Over the last two centuries, Australia has lost more mammal species than any other continent and 19 ecosystems are showing signs of or are near collapse, a damning government report says.
Since 2016, 202 animal and plant species have been listed as threatened, including the koala and gang-gang cockatoo.
This marks an average rise of 8 per cent, but authors are concerned the “current listing processes are failing to keep up with the current rate of biodiversity loss”.
The largest increase in threatened listings has been seen among invertebrates and frogs, with the smallest among birds and reptiles.
This rate of decline has been exacerbated by the Black Summer bushfires of 2019/2020.
It is estimated between one and three billion animals were killed or displaced as more than 10.3 million hectares went up in flames.
Five mammals could fall to extinction within the next two decades, the report’s lead authors Dr Ian Cresswell, Dr Terri Janke and Professor Emma L. Johnston said.
- Central rock-rat
- Northern hopping-mouse
- Carpentarian rock-rat
- Christmas Island flying fox
- Black-footed tree-rat
“Most mammal extinctions in Australia have been driven by predation from introduced species, especially the feral cat and European red fox; extinction rates are particularly high in arid and semi‑arid regions of Australia,” the report reads.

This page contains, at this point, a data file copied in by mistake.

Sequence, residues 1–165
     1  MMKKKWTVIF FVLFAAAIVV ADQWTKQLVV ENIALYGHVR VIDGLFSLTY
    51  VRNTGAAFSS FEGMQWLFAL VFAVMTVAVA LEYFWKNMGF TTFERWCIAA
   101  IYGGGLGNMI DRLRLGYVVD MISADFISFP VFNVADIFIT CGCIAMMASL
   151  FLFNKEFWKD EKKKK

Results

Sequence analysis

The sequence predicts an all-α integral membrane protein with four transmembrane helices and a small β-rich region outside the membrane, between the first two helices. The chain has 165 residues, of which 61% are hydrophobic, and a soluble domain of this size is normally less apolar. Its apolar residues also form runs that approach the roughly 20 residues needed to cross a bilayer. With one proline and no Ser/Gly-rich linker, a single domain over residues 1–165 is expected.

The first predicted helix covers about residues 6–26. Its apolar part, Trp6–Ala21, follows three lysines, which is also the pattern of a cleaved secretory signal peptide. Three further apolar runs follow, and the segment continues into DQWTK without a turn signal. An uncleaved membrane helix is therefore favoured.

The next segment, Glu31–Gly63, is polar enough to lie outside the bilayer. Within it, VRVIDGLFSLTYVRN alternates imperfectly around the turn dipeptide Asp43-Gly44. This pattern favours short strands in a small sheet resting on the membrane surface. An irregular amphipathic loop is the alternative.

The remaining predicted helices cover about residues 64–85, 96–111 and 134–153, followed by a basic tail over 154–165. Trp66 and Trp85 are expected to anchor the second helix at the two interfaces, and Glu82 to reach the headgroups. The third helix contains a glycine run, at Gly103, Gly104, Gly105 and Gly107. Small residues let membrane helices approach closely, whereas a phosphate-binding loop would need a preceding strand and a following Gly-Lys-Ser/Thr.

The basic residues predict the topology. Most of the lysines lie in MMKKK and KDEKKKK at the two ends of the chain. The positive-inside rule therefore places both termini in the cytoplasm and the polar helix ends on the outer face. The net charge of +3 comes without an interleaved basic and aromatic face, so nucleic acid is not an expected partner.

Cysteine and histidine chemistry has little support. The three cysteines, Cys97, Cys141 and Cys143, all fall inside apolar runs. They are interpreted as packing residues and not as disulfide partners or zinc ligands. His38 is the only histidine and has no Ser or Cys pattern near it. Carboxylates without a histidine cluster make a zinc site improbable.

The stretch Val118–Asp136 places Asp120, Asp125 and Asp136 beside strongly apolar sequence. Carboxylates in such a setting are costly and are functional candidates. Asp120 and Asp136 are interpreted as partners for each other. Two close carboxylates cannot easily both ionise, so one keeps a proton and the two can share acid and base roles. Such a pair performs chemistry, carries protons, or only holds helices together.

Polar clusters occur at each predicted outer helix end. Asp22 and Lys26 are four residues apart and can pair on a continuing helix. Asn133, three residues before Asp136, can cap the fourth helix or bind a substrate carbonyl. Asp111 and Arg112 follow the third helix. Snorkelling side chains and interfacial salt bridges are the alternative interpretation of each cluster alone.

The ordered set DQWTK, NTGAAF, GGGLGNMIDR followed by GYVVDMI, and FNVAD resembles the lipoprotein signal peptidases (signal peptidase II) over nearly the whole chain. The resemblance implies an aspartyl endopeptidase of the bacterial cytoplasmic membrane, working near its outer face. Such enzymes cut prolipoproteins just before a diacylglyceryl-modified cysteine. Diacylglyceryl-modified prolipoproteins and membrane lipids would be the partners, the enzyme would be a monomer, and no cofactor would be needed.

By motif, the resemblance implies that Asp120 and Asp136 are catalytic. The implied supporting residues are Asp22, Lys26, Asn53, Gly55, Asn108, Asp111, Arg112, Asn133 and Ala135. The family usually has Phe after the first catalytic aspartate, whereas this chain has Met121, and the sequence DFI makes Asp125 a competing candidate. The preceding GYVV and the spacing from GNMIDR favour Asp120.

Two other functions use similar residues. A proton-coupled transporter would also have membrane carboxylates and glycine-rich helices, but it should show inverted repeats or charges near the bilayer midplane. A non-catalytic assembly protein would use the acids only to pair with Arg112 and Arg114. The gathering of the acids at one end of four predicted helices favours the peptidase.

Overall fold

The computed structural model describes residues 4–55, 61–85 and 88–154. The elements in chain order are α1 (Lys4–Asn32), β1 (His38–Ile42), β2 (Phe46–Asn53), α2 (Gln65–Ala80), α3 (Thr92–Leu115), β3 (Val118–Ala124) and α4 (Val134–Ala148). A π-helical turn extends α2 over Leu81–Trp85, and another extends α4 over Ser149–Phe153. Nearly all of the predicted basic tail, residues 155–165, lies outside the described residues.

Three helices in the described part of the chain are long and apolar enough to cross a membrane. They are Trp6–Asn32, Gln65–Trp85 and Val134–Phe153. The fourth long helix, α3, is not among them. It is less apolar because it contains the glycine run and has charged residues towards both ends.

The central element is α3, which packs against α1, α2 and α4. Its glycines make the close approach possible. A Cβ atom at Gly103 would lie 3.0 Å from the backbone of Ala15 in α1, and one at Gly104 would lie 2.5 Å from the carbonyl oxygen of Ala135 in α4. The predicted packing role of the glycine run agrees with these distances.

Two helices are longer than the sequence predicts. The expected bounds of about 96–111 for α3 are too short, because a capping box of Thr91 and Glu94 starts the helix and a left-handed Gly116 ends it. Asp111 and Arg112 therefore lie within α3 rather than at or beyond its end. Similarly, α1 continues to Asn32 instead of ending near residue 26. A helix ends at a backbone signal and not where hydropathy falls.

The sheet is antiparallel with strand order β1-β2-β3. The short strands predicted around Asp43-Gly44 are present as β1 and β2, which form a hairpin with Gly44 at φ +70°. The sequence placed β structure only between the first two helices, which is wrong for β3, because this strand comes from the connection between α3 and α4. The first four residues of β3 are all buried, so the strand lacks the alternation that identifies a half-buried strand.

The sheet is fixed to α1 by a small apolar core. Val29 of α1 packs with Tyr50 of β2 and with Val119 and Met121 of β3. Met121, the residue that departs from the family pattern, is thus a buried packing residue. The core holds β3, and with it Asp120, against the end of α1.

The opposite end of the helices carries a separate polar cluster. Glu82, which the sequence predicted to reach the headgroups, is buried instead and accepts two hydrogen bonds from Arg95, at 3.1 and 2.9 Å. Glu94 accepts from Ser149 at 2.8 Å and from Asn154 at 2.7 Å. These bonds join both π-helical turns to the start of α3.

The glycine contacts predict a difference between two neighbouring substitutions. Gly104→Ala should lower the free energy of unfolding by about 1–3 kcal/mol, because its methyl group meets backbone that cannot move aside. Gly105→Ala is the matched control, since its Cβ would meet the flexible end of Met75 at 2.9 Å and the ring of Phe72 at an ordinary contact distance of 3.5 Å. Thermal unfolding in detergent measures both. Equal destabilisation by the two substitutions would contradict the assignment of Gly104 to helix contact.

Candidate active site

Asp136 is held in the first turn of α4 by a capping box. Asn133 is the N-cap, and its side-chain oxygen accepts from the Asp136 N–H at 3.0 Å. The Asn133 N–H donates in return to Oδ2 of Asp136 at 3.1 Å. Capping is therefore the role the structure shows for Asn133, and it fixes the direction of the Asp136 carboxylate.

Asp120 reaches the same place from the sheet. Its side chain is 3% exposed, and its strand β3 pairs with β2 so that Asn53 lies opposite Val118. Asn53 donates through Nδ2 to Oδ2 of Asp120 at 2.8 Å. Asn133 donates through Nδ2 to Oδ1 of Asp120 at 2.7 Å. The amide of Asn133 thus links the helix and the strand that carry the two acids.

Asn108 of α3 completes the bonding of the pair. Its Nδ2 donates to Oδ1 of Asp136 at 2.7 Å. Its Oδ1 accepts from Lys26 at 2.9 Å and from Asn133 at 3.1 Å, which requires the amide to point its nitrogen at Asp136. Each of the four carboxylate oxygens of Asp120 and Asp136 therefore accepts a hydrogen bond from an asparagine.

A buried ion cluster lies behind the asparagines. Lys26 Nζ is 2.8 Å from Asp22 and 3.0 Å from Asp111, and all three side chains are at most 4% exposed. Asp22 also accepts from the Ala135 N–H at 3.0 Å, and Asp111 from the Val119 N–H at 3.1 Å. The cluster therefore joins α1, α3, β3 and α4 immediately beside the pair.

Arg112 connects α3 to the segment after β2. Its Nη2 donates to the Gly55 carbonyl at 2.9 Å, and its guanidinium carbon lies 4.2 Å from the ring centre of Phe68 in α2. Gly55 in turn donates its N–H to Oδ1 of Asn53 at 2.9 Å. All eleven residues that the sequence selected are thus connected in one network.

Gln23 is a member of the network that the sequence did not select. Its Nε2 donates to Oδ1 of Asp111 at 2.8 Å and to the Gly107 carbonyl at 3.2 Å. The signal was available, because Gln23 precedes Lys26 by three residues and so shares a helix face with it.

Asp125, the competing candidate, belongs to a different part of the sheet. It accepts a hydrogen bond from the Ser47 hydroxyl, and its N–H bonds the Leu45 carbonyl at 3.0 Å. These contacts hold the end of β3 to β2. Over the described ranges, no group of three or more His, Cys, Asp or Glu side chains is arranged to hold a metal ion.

Australian birds are also showing large population declines, with the most at-risk bird species found only on islands or in southern Australia.
Australian marsupial listed as endangered
‘Feeling the heat’: Report a ‘wake-up’ call
“At least” 19 ecosystems are also showing signs of collapse, with Alpine environments and the Great Barrier Reef among the most at risk.
Professor in Marine Biology at James Cook University Jodie Rummer said repeated mass bleaching events is making it challenging for marine species to rebound.
“This is especially worrisome for key predators like sharks that have slow generation times, needing a decade, if not more, to reach sexual maturity, but are so important for ecosystem health.
“Every element of the ecosystem feels the heat.”
Dr Andrew King, a lecturer in Climate Science at the School of Geography, Earth and Atmospheric Sciences at the University of Melbourne, said the report should serve as a “wake-up” call.
“While Australia has always been a land of extreme weather and climate variability – experiencing drought and heat, fires and floods – human-caused climate change is causing extremes to occur more often and with more devastating impacts,” he said.
“This report should act as a wake-up call to the damage we are doing to the world around us.
“We must decarbonise our economy and society as rapidly as possible to try and limit the environmental losses that we will experience as we keep warming the world.”
Minister for Environment and Water, Tanya Plibersek, vowed the environment “is back on the priority list”, ahead of the report’s public release today.
“I won’t be putting my head in the sand,” she said.
“The State of the Environment Report is a shocking document – it tells a story of crisis and decline in Australia’s environment, and of a decade of government inaction and wilful ignorance.
“Now is the time to read this report and take action.”